Elance - Bidding, Client Interaction and Project Award Policies and Mechanisms
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Bidding Process and Policies
You must complete Elance’s basic signup and verification process, and pass an orientation test to ensure you understand the basics of the site, before you can bid at all. You may also need to submit proof of your country of residence, and fill out at least the basics of your profile. Once these requirements are met, you can submit a bid on a project if you have a membership that includes the category that the project is listed in, and if you have a sufficient number of connects. The connect cost is mainly a function of the budget of the project. If you don’t have enough connects, the Elance site will give you an opportunity to go straight to a page to buy more (except for basic members, who cannot buy connects).
The bidding process itself is pretty straight-forward. A form on the right side of the project listing screen allows you to enter a proposal to the client directly without having to load a separate page. After you enter your proposal, you are taken to a confirmation page, and then the bid is submitted.
At one time Elance had separate mechanisms for real bids and for pre-bids. In an April 2011 update these were integrated: if you enter a bid price (or hourly rate) then you submit a bid, whereas if you put in no numbers, the comment is sent as a pre-bid. For actual bids, you must give an estimated timeframe for completion (for fixed rate projects) or an estimated number of hours (for hourlies). It is possible to add attachments to a proposal, if needed; this allows more detailed proposals to be crafted, or past work samples to be provided. Bids and pre-bids cost the same number of connects.
One problem with pre-bid questions on Elance is that they are often ignored by clients who receive many actual proposals, even when those proposals are clearly based on inadequate information. Elance does not pre-screen job listings, which allows projects to show up that contain scant information. They don’t appear to encourage clients to answer pre-bid questions either. And the update I mentioned above also made it impossible for contractors to follow up on pre-bids: if you submit a question and the client doesn’t respond, you cannot contact that client again. This was supposedly done to cut down on the number of messages clients had to deal with, but I consider it a great disservice to contractors, who now have no way to clarify a pre-bid, nor to find out if they are still being considered for a job.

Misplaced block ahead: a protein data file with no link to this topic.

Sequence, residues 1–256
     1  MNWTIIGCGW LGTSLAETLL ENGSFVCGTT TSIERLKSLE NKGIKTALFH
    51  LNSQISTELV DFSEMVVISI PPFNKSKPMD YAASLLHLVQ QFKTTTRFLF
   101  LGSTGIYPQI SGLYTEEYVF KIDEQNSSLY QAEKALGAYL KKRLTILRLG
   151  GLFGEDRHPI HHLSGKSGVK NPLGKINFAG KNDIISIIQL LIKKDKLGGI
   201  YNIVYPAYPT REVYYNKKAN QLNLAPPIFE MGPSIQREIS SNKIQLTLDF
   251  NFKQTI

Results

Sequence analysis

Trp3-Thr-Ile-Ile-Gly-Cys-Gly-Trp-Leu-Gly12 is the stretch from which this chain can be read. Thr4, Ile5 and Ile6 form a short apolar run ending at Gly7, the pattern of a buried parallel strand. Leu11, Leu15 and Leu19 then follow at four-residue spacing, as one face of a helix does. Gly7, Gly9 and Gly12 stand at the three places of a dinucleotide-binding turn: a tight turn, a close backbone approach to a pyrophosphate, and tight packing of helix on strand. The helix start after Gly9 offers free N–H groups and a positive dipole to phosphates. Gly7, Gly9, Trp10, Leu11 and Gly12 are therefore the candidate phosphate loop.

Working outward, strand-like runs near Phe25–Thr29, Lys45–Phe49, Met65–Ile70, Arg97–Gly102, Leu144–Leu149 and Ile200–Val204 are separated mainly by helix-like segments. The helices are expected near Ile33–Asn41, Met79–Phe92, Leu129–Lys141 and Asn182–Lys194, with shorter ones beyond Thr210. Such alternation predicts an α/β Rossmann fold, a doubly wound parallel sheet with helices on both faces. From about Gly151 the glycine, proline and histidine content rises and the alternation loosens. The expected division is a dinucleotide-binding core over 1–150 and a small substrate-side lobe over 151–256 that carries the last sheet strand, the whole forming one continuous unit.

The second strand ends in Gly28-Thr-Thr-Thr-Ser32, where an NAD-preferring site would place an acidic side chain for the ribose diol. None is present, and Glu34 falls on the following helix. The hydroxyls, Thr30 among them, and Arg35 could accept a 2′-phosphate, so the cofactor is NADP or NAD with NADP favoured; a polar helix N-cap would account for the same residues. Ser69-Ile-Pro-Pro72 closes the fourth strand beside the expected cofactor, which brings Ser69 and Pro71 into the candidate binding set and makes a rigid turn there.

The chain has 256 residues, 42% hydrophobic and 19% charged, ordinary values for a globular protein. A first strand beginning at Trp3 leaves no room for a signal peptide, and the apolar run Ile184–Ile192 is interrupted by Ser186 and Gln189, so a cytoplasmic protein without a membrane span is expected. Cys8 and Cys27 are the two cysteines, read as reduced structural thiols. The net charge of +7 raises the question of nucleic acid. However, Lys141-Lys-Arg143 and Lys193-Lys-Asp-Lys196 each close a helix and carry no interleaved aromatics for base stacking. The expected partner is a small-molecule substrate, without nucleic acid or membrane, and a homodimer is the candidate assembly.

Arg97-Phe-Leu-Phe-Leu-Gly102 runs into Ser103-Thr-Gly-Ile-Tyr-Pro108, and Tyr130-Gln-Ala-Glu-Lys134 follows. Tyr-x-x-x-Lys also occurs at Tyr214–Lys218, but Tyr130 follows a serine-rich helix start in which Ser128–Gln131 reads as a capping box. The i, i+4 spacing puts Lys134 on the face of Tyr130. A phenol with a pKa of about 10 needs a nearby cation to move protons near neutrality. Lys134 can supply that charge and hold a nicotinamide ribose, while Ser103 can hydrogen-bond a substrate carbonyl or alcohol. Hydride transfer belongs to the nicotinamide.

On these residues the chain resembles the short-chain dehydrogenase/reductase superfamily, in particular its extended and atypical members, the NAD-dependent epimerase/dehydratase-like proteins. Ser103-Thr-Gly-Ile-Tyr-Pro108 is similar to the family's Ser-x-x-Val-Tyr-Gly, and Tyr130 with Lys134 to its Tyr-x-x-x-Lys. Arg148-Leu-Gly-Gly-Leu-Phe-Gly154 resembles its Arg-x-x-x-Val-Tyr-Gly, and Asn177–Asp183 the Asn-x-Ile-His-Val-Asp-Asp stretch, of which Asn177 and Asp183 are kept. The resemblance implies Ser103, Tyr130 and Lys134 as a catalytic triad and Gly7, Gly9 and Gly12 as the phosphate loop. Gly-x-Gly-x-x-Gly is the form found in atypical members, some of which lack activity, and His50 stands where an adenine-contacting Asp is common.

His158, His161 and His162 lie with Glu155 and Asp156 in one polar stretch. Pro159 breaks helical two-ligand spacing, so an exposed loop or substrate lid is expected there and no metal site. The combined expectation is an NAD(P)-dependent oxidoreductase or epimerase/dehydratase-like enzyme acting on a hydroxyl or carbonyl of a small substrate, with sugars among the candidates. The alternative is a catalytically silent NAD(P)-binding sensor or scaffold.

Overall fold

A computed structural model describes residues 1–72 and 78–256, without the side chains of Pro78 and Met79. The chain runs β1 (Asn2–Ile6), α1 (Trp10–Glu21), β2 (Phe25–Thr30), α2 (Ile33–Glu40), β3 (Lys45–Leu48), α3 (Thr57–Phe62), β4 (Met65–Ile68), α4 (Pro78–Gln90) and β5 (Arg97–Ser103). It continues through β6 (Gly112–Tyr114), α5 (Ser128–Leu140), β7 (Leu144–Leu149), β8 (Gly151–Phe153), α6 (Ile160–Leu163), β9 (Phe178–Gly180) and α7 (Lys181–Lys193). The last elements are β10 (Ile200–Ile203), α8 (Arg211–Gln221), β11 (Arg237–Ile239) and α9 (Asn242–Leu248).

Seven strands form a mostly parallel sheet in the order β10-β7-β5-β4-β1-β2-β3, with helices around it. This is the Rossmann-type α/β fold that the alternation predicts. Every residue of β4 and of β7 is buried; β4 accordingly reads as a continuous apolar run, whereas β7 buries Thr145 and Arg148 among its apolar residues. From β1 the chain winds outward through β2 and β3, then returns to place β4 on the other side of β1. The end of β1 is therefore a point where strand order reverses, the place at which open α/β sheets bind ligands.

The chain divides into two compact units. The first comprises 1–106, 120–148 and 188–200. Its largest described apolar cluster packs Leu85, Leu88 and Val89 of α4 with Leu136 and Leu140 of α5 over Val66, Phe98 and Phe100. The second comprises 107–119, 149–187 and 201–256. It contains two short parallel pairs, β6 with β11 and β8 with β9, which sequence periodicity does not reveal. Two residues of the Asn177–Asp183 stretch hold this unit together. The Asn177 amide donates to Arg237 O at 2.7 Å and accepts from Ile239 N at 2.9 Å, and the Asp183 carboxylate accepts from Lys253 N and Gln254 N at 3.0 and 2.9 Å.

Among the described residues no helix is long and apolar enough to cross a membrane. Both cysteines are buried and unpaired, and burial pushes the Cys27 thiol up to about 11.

Elance once supported both open and closed bidding, but seems to have done away with the former. This was a good move: open bidding was rarely used, often featured dummy bids like “please see private message”, and when real proposals were actually placed in the open, unscrupulous contractors would often steal them. Open bidding also tends to lower bids, which is bad for freelancers.
The aforementioned April 2011 update also marked the end of public message boards on Elance. There is now a “public announcements” board, but only the client can post to it. With this board now “one-way only” it is arguably of little value, since clients have always been able to edit project descriptions to put in extra information.
I consider the removal of the public message boards a step backwards in bidding functionality for contractors, and a flat cop-out by Elance. Sure, there were issues with the public message boards before, such as clients ignoring questions, or contractors begging for invitations to jobs to avoid spending connects. However, Elance charges healthy fees, more than enough to cover the cost of having customer service personnel deal with those who abuse the system. Instead, they took the easy way out by removing the ability to use the public message board for everybody.
One consequence of the removal of public messaging is that when contractors encounter a project that they are interested in but that is vaguely described, they must now spend connects on pre-bid questions instead of being able to ask on the public board for free. On top of that, the lack of a public message board means clients will likely be faced with duplicates of questions from multiple providers, which runs contrary to the entire stated goal of simplifying the experience for clients.
There are two sponsored proposal slots, which a contractor can select by clicking the check box if at least one still remains at the time the proposal is submitted. This puts the contractor’s bid “on top of the pile”, but doubles the connect cost.
It is against Elance policy to offer to work for less than the Elance project minimums ($50 for fixed rate or $5 per hour), or to offer to work for free or in exchange for a favorable review. You are also not allowed to attempt to take a project off-site to avoid paying Elance fees. Elance also prohibits giving clients free samples of project work, as this has been a frequent source of past abuse (samples of similar past projects are acceptable). As you might expect, the site works pretty hard to deal with fee avoidance, but enforcement of other policy violations has been more suspect.
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Last Site Update: October 21, 2011
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